If you are unfamiliar with Chicago Mayor Lori Lightfoot, she’s the no-nonsense politician who told her constituents during a pandemic that their jumpshot was always going to be weak and, therefore, they should stay their asses in the house and off the basketball courts.
I will not discuss the countless memes of her telling you something that you need to hear but don’t want to acknowledge. But, yes, I’ve seen them and they are funny. The larger point is that Lightfoot didn’t come to play with you and your little friends. Oh, and shut her front door and stop letting all her good heat out into this cold Chicago winter.
So it should shock no one that on Wednesday, Lightfoot blasted Senate Majority Leader Mitch “Chicken Neck” McConnell (R-Ky.) for his insistence on screwing cities and states out of any federal funding from the next stimulus package.
“I hope what Democrats in Congress will say is, ‘Over my dead body,’” the mayor said during a press briefing, Politico reports. “Every single town and municipality in this country is hurting. Blue, red, purple; independent mayors, Republican mayors, Democratic mayors.”
For some reason (that reason is racism), McConnell and other Republicans don’t want to give financial assistance to local governments who have been devastated during COVID-19.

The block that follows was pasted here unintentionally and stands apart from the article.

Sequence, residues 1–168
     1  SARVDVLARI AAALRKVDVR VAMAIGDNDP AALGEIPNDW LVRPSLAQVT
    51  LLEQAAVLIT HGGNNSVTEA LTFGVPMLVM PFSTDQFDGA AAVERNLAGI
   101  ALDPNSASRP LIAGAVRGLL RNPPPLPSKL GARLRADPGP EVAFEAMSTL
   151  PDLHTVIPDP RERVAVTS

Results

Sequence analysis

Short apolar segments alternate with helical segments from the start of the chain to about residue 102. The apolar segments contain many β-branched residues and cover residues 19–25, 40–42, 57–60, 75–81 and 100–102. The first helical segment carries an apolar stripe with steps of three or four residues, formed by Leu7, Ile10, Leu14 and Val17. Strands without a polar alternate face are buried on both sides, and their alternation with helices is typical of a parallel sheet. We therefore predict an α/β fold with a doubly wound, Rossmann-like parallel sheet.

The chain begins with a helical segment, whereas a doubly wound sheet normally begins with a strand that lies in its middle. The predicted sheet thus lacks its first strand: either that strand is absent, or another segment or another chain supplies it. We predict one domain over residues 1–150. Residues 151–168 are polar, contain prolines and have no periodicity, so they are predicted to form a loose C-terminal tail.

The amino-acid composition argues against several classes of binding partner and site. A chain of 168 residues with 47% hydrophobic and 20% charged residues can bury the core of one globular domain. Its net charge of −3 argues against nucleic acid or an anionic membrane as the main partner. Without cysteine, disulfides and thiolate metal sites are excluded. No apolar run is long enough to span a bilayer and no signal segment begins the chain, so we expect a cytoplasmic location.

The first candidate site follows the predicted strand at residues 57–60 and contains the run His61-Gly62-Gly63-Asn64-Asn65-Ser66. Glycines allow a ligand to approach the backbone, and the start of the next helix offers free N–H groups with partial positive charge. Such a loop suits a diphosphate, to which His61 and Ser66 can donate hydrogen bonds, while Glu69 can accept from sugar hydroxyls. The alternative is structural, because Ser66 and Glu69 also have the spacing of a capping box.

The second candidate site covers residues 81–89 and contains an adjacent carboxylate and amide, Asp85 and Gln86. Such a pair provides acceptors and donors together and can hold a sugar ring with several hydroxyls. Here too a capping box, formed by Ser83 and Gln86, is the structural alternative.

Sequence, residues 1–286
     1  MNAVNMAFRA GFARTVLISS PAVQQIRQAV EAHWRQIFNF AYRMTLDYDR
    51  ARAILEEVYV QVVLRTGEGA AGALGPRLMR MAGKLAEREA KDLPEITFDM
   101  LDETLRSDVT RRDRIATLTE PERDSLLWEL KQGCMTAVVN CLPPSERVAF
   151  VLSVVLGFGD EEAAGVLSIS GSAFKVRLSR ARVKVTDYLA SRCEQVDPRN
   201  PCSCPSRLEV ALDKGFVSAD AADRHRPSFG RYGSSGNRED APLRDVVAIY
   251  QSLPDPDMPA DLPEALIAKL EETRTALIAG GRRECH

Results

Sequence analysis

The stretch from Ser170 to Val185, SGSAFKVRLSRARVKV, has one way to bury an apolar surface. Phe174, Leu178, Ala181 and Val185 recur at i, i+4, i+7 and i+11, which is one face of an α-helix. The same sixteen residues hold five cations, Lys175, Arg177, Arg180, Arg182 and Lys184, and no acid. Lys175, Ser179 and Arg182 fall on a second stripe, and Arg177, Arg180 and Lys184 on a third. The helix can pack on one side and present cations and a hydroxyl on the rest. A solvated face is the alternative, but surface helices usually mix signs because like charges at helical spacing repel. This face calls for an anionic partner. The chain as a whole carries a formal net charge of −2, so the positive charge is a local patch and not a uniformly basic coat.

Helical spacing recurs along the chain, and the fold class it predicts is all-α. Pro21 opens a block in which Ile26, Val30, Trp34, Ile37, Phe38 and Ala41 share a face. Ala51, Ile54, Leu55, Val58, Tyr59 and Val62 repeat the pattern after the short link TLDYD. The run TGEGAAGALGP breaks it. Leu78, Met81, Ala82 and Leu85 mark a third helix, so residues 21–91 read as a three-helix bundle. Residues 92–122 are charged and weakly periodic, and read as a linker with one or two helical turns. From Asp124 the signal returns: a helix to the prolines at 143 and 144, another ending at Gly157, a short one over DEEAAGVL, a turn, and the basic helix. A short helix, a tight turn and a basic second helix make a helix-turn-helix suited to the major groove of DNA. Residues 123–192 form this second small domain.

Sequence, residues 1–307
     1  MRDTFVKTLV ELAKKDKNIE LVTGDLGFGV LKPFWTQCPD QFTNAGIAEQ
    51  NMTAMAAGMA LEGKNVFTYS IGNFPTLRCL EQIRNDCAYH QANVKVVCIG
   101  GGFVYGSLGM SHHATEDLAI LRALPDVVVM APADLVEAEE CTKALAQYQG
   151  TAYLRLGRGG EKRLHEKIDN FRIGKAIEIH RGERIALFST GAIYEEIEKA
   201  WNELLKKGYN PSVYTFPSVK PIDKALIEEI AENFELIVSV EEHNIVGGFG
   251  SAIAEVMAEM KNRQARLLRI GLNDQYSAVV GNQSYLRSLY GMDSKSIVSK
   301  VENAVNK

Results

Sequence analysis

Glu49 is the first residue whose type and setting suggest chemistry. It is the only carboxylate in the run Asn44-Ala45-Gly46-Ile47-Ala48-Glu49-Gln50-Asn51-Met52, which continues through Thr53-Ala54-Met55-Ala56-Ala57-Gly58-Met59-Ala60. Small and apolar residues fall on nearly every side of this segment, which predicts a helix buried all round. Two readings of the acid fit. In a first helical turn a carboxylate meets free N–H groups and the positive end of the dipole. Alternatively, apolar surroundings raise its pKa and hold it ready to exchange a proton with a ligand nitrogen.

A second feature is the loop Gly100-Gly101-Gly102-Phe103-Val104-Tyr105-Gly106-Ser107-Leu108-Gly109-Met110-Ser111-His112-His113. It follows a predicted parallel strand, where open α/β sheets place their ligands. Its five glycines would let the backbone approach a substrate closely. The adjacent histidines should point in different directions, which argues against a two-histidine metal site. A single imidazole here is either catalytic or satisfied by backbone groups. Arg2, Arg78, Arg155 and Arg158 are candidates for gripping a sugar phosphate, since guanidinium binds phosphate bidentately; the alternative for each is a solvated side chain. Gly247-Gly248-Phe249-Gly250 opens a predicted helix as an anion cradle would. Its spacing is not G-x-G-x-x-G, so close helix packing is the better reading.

As it stands, Democrats believe in state aid and Republicans believe in
letting people die making sure that employers are covered from coronavirus-related lawsuits, because clearly that’s what’s needed now.
“I know that there’s a lot of posturing that goes on in Washington, D.C., but dear God, stop the nonsense,” Lightfoot said. “Get something done. We are hurting here in the heartland and all across our country and we need the federal government to step up and do their job.”
Chicago, like many cities across the country, has suffered huge losses due to Covid-19’s impact on tax revenue. The Chicago City Council last month approved a $12.8 billion budget for 2021 that includes a $94 million property tax hike, along with increases in fees and fines, to help shore up a $1.2 billion budget deficit. The city, the state of Illinois, and much of the Midwest, have seen an uptick in Covid-19 cases and deaths in recent weeks, triggering a new round of restrictions on restaurants and other businesses already struggling to stay afloat.
“To basically turn your back on state and local governments at a time when we are hemorrhaging and looking at severe service cuts, putting people out on the streets, and unemployment, cutting back on services that actually could be a stimulus to the economy — that’s unbelievably short-sighted,” Lightfoot said.